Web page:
Monday, November 28, 2011 at 12:09 PM
We’re in one of the most politically charged climates in recent memory, and one of the worst lingering financial crises in years. The leaders of some Ohio-based think tanks hope to bring together people with diverse views to talk about tough issues like taxes, spending and social policy. Ohio Public Radio’s Karen Kasler says the leaders of those groups hope their conference will be marked not by controversy, but by civility. For more on the conference, watch the rest of this interview on "The State of Ohio" at http://www.statenews.org.
The conference is called “Across the Spectrum: The Future of Ohio and the Path to Prosperity.” Among the topics – the national debt, health care reform, government pensions and state and local taxes – not exactly lightweight nor easy to discuss. And Lavea Brachman from Greater Ohio – a group that studies transportation, growth and regional economies – says no one thinks the conference will solve problems that have been festering for years.
“What we want to do is create a space for civil public discourse and hopefully allow people to discuss substantive issues that are nonpolitical but really more about how do we come to solutions in Ohio that can raise the bar for all of us.”
Joining Greater Ohio in sponsoring the conference are the conservative leaning Buckeye Institute and the Center for Community Solutions, which has a progressive perspective. Matt Mayer from the Buckeye Institute says the three groups come from different perspectives but agree that reasoned debate is not only possible, but preferred,
“What’s far too often happens is, other groups out there, you can’t tell the difference between whether they’re the Democrat or the Republican talking points or a traditional neutral third party. It just looks like the same thing.”
And John Begala with the Center for Community Solutions says every group has data to back up their studies and views, and that’s actually part of the problem.
“I think that lots of people pay attention to their own data and are a little bit short in paying attention to what else is out there. Our reality is much more complex than most of us understand. I think we need to face up to that.”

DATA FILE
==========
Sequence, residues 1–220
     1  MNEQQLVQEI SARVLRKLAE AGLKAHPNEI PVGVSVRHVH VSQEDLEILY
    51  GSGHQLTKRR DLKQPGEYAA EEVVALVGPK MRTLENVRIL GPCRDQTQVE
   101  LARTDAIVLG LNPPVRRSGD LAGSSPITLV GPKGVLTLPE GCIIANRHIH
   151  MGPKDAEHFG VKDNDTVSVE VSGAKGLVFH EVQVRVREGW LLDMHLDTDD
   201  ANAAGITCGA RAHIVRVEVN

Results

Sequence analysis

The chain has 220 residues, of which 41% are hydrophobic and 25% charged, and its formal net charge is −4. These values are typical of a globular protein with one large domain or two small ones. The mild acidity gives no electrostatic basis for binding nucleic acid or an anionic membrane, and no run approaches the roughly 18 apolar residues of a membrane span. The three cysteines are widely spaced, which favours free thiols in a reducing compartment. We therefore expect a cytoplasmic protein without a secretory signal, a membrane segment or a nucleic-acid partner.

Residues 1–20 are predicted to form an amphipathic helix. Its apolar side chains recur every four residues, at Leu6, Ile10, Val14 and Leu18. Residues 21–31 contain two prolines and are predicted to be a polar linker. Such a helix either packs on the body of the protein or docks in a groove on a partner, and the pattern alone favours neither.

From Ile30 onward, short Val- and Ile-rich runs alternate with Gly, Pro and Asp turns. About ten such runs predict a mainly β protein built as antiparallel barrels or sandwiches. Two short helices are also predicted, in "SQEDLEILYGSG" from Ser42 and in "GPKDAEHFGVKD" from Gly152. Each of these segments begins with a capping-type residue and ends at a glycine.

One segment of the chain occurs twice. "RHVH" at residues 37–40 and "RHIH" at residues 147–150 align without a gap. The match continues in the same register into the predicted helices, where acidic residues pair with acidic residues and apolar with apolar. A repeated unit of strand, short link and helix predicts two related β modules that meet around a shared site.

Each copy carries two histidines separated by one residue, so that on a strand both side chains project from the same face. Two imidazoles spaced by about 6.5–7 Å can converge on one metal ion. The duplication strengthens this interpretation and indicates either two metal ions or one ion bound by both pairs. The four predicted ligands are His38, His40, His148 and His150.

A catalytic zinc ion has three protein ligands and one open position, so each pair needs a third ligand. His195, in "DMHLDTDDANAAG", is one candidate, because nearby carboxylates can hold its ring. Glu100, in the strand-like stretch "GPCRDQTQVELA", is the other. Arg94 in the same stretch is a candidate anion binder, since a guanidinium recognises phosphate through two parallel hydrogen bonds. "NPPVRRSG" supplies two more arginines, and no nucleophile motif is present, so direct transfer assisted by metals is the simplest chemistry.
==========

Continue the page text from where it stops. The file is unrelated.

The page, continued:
And Mayer says the situation is getting critical, because he says the problems that drive voters to create a majority for one party in each big election year aren’t getting solved.
“Which majority is that? Was that the 2006 majority, the 2008 majority, or the 2010 majority, or what we don’t know is the 2012 majority. It’s shifting so much because I think Ohioans and Americans are confused, they’re scared, and so they’re just trying to cling on to anybody who’s promising the next kind of bag of chips. What we’ve got to get to is the point where we start solving the problems and not just make promises.”
Begala says that big election less than a year away has major implications for the nation and for Ohio in particular – and politicians need to realize that.
“What’s important is that we get the Statehouse crowd so to speak including a lot of elected officials there having these conversations. Secondly though, and I think this is just as important for this particular conference is the tone. If we can have constructive conversation and people can have the chance to hear each other - that’s the sort of environment that we hope to have.”
“Across the Spectrum: The Future of Ohio and the Path to Prosperity” is set for December 8 at the Renaissance Hotel in Columbus. Among the scheduled speakers are Arthur Laffer, a member of President Reagan’s economic policy advisory board who is often called the father of supply-side economics, and Alice Rivlin, the budget director under President Bill Clinton and an advisor to the congressional “super committee”.
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